As can be seen in the above verses, we as believers have the right to choose where we stand on certain issues. For example, let us point to the issue of KJV-Onlyism. This is a doctrine not found in Scripture. One can, if he looks for it, find verses to support this doctrine. And if one wants to hold to the KJV-Only, that is certainly his right. However, he has no right to do so while attempting to force his view on others. We also have issues such as whether or not pants are okay for women to wear. This is a doubtful disputation(read verse 2 above), and those new to the faith should not be dragged into such discussions which are matters of preference as opposed to matters of Scripture.

Where should we take a stand, and where should we not? We should clearly take a stand on this issues that the Bible makes of importance. Such as having church meetings, the sufficiency of Scripture, the death, burial, and ressurrection of Christ, virgin birth, the sins of fornication, gluttony, and drunkeness. Issues such as those cannot be compromised on, and we cannot treat these issues lightly. However, issues such as what kind of music to use in worship, whether or not a man can wear a necklace, or voting for a conservative democrat over a liberal republican should not be issues that divide us, and should not be forced on one another. If somebody wants to use only hymns in their worship service, good for them. Let them do so. On the flip side, if somebody wants to use Contemporary Music over hymns, let them do so. He does not sin in doing so.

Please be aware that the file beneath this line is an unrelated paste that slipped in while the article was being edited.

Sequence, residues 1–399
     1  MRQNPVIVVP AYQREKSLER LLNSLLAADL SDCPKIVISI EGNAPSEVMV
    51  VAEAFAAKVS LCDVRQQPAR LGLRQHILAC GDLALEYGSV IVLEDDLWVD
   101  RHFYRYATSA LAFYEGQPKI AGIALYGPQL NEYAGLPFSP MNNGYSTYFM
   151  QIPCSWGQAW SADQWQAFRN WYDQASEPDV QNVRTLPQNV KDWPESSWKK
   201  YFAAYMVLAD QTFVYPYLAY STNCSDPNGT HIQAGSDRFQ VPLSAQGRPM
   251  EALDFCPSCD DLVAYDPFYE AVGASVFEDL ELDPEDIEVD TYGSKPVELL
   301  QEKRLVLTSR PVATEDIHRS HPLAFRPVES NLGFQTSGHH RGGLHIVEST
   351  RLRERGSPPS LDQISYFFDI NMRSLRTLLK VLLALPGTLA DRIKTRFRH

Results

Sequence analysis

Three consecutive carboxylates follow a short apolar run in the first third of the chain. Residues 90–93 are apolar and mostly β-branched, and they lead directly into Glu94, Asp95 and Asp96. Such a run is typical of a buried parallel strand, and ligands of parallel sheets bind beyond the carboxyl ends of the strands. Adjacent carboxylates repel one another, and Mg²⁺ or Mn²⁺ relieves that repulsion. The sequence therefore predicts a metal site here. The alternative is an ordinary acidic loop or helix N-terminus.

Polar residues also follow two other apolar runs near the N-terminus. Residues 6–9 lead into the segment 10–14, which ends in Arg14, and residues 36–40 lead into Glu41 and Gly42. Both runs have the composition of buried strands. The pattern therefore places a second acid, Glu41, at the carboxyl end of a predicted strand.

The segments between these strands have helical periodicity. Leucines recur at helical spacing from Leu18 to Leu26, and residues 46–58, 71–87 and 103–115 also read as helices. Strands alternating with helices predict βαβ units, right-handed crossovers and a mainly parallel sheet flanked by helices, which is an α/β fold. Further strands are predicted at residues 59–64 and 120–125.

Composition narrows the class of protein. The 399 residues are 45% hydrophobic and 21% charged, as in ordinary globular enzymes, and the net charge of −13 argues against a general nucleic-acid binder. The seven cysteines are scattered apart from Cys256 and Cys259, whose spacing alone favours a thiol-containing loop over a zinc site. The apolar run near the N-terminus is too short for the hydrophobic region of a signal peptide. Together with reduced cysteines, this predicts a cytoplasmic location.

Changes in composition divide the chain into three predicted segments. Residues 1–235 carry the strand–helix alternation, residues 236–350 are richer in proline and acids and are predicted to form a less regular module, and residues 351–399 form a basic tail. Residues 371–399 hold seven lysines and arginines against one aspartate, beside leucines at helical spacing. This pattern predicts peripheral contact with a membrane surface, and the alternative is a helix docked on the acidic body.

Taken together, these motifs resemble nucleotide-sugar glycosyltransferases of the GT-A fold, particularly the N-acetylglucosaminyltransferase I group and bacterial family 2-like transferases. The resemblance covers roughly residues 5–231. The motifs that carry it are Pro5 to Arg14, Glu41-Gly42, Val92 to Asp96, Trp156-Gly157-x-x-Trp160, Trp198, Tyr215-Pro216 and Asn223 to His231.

Fundamentalists have become quite adept at making non-issues into serious issues worth dividing over. And in doing so, they have committed the greater sin. They needlessly divide the body of Christ with their doubtful disputations. As at times, less conservative fundamentalists do, or conservative evangelicals, and neo-evangelicals. Non-issues are not worth dividing over, and should not be major issues within our churches. We have soul liberty. Liberty to choose what is right for us and for our families. Time will tell if we have chosen wisely. Let God be the judge in such areas.

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Republican Presidential Candidate Sen. John McCain has officially rejected the endorsement of controversial pastor John Hagee. John Hagee is a pastor who supports Israel heavily, and who frequently engages in anti-Catholic rhetoric. Hagee recently stepped away from comments he had made concerning the Catholic Church, including comments such as “the Catholic church is the Great Whore.”
Hagee, who has a large following among evangelical Christians, has become a source of contention among Christianity for his various heterodox beliefs. His recent comments stating that Christ did not come as Messiah, has been a cause for alarm for many conservative Christians.
Democrats have been searching for something controversial from the pastors who have declared support for McCain, in order to create a firestorm like that which has surrounded Obama and his “former pastor” Rev Wright. There is a difference however, Obama sat under Wright for nearly twenty years. Hagee has never been McCain’s pastor, so how is McCain supposed to know any of Hagee’s odd beliefs? Obama, if he is as smart as he wants us to believe, should have known of Wright’s controversial beliefs. The two are not comparable in this instance.
Nonetheless, McCain is right to distance himself from Hagee. Hagee has an assortment of odd beliefs that could possibly do damage to the McCain campaign if McCain were to retain his support. Hagee is hardly the poster boy for evangelical Christianity, or for Christianity in general.